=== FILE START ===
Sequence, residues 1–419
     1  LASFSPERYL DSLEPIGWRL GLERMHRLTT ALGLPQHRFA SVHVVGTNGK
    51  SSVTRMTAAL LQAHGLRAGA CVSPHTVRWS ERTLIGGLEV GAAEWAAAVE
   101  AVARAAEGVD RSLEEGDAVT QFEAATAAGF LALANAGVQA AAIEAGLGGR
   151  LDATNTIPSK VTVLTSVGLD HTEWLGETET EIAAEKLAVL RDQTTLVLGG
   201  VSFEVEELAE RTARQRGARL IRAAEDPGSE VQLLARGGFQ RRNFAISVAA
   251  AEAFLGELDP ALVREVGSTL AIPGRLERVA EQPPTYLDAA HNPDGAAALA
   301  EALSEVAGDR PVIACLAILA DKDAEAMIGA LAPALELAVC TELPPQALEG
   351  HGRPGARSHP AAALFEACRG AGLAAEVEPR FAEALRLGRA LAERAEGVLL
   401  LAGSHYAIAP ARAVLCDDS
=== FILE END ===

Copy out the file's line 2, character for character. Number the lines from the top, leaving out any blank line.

     1  LASFSPERYL DSLEPIGWRL GLERMHRLTT ALGLPQHRFA SVHVVGTNGK